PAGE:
Change is a subject people either embrace or run away from screaming. OK, maybe it isn't quite that bad, but change is a polarizing subject. As a manager or leader, you probably have run into this a time or two.
How We Handle Change
Early adopters or those comfortable with change will be cheering you on. They'll help in any way they can and can't wait for it to be done so they can move on to changing something else. I usually fall in this first category!
Then, you'll have a majority of your team that sees the change as just an inevitable part of the business. They can see the benefits and pain points. They'll do what is required of them, not really getting excited or upset.
Lastly, you'll have a small number of people who dislike change at all costs. They avoid it, don't like the process and likely will be somewhat negative.
How you help your team adapt to whatever is changing and guide them through the process is part of your skill as a leader. Managing change in your sales territories is no different.
As technology changes how we do business, companies may find they are able to cover greater distances with fewer salespeople. While it sounds great on paper – imagine the payroll dollars you'll save – you need to proceed with caution.
Managing change in sales territories is often a complicated process. You should evaluate everything before you execute. It involves two of your most sensitive parties – your customers and your employees. These are two groups you don’t want feeling frustrated and annoyed with you.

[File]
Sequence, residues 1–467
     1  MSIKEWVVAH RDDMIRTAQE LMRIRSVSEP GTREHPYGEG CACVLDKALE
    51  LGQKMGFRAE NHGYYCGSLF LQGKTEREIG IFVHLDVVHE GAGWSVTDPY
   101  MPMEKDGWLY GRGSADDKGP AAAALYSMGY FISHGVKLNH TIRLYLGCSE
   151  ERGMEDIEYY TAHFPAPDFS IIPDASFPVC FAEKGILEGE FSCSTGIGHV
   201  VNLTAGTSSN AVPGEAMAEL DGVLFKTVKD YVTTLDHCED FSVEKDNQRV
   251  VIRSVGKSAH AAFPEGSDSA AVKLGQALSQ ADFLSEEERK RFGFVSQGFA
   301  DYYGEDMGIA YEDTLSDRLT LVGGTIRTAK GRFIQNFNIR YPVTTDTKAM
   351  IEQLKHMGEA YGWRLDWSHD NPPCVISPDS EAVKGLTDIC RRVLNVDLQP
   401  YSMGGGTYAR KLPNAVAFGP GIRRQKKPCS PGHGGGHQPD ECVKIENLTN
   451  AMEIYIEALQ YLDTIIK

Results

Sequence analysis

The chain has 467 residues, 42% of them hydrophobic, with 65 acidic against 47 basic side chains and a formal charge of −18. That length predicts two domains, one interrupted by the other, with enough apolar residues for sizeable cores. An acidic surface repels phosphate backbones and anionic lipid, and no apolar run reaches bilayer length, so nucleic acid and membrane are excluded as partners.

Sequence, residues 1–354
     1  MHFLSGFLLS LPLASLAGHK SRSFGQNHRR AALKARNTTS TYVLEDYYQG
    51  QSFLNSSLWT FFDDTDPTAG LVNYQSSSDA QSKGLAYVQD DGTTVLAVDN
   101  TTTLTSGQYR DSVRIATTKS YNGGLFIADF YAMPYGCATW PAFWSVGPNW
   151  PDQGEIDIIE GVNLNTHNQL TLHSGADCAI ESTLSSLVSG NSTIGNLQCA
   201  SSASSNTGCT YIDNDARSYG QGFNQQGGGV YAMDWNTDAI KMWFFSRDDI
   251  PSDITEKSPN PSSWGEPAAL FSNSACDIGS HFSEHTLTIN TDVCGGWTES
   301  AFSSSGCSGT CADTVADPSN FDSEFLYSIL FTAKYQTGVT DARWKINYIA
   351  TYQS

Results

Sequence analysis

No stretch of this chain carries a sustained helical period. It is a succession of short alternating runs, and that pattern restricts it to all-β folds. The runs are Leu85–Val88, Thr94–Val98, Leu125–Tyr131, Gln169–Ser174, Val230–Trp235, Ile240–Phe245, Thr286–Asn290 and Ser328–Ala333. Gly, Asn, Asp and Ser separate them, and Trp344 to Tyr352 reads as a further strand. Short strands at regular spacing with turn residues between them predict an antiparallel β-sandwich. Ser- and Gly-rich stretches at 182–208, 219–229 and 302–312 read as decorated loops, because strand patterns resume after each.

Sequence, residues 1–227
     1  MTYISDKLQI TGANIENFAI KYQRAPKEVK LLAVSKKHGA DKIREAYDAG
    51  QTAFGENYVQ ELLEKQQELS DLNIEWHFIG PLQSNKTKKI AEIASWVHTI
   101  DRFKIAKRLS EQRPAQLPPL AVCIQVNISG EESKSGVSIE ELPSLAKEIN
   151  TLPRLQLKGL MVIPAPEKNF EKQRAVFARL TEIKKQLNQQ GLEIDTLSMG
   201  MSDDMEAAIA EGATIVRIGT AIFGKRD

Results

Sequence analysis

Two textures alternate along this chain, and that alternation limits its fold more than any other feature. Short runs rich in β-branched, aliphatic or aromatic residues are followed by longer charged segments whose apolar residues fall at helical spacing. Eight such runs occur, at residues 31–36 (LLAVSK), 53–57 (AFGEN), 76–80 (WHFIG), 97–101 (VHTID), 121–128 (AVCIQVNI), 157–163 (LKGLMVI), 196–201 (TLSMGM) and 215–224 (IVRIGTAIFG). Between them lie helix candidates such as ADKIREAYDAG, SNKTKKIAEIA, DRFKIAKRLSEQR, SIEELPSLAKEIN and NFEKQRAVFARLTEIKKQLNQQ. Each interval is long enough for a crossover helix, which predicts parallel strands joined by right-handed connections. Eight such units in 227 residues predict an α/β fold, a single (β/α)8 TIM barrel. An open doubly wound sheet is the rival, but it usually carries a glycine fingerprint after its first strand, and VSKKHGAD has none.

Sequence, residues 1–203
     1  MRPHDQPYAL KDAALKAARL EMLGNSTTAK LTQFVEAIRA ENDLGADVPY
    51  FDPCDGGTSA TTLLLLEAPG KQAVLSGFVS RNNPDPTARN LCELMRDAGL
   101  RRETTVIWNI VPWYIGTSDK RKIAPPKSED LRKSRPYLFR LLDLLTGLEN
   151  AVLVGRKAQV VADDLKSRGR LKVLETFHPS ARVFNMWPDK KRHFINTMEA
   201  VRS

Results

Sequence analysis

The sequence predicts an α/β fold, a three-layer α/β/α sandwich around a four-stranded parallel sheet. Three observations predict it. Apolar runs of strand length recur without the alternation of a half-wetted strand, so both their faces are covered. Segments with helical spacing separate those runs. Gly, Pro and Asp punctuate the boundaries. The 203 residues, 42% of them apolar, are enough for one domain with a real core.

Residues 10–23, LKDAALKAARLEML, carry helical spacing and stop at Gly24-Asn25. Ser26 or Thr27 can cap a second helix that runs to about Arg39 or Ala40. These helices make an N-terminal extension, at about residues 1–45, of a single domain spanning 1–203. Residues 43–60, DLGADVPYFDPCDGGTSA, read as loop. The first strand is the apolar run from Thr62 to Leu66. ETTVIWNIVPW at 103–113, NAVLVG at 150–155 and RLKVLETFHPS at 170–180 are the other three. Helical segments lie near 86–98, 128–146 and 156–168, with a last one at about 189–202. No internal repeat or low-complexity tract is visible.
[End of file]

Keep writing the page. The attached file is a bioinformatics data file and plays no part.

Sometimes, you might lose a salesperson centrally located in the middle of 2 strong territory managers. You may opt to not replace the rep, but simply divide the territory.
On the other hand, you might have a super high performing sales rep but want to split their territory into two. You see more potential in the geography and having multiple reps allows you to cover your customers better and focus on growth.
It's In The Positioning
How you approach these conversations will often make or break how the rep feels about the situation.
As long as your territory managers have the bandwidth, splitting open territories might be a good option. I encourage you to discuss everything with them both separately first. They may not see it as the “gift” you do.
If a rep doesn’t want a territory, they might give it little attention. Make sure it truly is a win for them – not just more work for a minimal increase in pay.
You'll need to play up all of the benefits and help them with solutions to the downsides if you want the change to be accepted.
Alternately, if you think about splitting a successful territory, a rep may feel they are being punished for their success. You can sometimes overcome those feelings by pointing out the positives:
- reduced travel time
- better focus on current customers, leading to sales growth
- more time to develop prospects and leads
- more manageable workload
- reduced stress
In either scenario, keep the financial implications in mind. If someone takes on more responsibility and territory, you have to make it worth their while. Don't just assume they can take it on for the hope of increasing sales & their commission.
If you divide up a profitable territory, talk about what you'll do for that rep. If they were making $150,000 and the split takes their income to $75K, it's impossible to make that look good. Either figure out a way to make it financially sound for them, or be prepared to replace a salesperson.
Changing up sales territories is a bit of a sticky subject that takes finesse. Keep in mind what your reps need and want and work with them to come to solutions for the best results.
Do you want to learn more about how to handle change? Contact us